2. Do you experience chest pain during exercise?
  3. Have you had any chest pain while at rest in the last month?
  4. Do you ever get dizzy and lose your balance? Have you ever lost consciousness as a result?
  5. Do you have bone or joint problems that get worse with exercise?
  6. If you have cardiovascular issues, does your doctor currently prescribe any medications?
  7. Can you think of other reasons why you might not be able to exercise?

Here are a few additional questions you can ask:

  • Have you ever suffered an injury in the past? If so, what kind and how severe was it?
  • Are you currently recovering from an injury or trauma?
  • Have you ever been to a physical therapist? If so, why?
  • Do you currently take any medications? If so, what kind and what dosages?
  • Have you undergone surgery in the last year?
  • Have you been hospitalized in the past? If so, why?
  • Do you have any other conditions that could affect your ability to exercise?
  • Are you pregnant, or have you given birth in the last 12-18 months?
  • Have you undergone any other therapies?
  • Do you have any known allergies or food sensitivities?

Fitness and Health Questions

The following section is far more fitness-specific. You can get creative here and ask all the questions that interest you as a personal trainer. Here are some to consider:

  • How many times a week can you exercise?
  • How much time can you dedicate to each workout?
  • Do you have a preferred exercise type––cardio, strength training, yoga, etc.?
  • Do you have any specific dislikes––for example, you hate treadmill running?
  • Do you prefer to use specific exercise equipment––for example, gym machines over barbells?
  • Have you done sports in the past? If so, what type and at what level?
  • Have you followed a structured exercise program in the past? If so, for how long, and what were the results?
  • Have you worked with a personal trainer in the past? If so, what did you hope to achieve, and were you successful?
  • What successes have you had with previous fitness training?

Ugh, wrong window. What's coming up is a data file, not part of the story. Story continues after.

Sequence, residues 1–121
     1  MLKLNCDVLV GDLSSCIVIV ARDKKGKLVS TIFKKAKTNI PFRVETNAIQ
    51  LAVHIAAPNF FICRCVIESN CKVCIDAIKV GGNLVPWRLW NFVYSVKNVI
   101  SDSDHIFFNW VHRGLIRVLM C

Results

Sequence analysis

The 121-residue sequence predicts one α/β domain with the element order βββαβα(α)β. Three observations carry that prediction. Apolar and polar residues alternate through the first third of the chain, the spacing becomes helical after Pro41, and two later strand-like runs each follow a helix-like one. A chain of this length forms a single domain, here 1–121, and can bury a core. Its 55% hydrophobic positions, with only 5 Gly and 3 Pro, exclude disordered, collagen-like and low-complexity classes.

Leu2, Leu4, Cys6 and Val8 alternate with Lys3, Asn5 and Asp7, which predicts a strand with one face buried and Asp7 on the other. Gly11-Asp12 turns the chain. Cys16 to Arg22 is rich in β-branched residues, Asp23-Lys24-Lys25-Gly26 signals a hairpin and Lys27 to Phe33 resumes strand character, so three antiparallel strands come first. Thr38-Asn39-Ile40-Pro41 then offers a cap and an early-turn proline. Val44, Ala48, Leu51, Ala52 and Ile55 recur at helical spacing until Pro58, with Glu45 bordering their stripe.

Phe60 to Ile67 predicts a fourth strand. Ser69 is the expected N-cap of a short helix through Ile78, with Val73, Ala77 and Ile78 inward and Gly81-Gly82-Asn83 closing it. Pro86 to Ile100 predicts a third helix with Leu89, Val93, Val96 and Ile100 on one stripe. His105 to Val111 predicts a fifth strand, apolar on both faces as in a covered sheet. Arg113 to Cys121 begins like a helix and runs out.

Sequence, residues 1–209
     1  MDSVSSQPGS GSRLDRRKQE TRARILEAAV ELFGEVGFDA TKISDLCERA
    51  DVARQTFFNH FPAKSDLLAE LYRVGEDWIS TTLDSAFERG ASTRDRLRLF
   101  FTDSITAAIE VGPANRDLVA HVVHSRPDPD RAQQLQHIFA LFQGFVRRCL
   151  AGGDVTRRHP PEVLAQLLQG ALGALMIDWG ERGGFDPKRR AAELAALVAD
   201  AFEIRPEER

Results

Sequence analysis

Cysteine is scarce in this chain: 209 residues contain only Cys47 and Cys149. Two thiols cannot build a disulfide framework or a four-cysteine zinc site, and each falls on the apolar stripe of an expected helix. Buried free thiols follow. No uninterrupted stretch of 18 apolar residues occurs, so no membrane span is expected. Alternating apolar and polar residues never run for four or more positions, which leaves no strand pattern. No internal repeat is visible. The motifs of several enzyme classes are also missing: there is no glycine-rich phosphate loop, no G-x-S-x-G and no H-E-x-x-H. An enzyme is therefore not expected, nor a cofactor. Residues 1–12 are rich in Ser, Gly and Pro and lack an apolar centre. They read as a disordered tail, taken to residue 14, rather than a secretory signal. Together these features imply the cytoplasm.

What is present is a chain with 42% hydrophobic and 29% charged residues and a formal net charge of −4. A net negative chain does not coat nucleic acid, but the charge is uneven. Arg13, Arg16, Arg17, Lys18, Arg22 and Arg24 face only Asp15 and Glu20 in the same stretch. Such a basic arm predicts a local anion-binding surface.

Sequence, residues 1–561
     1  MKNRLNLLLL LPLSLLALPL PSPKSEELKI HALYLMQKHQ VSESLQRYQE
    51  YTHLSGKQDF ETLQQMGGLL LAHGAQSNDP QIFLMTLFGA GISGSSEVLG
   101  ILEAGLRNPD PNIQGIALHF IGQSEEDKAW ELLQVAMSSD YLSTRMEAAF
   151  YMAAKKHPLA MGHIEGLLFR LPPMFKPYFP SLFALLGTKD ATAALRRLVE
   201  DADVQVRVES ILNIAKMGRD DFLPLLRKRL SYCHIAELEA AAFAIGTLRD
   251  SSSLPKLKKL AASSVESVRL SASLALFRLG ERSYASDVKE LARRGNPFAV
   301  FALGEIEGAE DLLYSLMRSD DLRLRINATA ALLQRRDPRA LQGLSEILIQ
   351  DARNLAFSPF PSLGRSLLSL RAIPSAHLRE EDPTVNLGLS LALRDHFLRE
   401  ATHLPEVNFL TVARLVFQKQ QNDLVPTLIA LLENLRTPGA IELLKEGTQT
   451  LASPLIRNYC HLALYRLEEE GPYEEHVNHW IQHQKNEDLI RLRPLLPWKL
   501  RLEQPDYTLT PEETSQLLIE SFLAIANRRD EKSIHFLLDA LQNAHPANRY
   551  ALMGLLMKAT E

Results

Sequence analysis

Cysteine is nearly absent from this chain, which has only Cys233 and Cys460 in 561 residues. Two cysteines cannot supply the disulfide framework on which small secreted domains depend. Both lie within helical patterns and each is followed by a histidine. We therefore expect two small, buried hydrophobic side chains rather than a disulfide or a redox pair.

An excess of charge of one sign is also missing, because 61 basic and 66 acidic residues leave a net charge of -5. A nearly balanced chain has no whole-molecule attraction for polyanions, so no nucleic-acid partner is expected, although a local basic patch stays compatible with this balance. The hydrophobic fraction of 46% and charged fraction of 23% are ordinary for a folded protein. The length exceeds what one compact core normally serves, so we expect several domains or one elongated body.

• What failures and roadblocks did you experience when exercising in the past?
  • Do you currently engage in any physical activity outside the gym? If so, can you describe it briefly?
  • Why do you want to work with a personal trainer now?
  • What expectations do you have from your coach or PT?
  • On that note, why do you want to pursue fitness now? Briefly describe your motivations.
  • How often would you like to communicate––daily or only at the gym?
  • What is your preferred coaching style? Hands-on, laid back, motivational, tough love, etc.?
  • What would you say are some things keeping you from working out?
  • What roadblocks are you experiencing––unpredictable work schedule, binge eating behaviors, etc.?
  • What short and long-term fitness goals do you have?
  • What is your preferred workout environment––at home, the gym, or outdoors?

Lifestyle Questions

Finally, we arrive at the last section, where we learn more about our prospective clients’ lifestyles and how a typical day goes for them. Here are some questions to ask:

meal healthy
  • What do you do for a living?
  • What is your daily routine like? Can you briefly describe a typical day?
  • How stressed would you say you are on a scale from 1 to 10?
  • How long do you sleep at night on average? 
  • What are your sleep habits like?
  • Would you say you’re sleeping well and feeling rested upon waking?
  • What is your nutrition like? Can you briefly describe a full day of eating?
  • Do you have any experience tracking calories and macronutrients?
  • Have you been on restrictive diets in the past?
  • Do you have any food allergies or intolerances?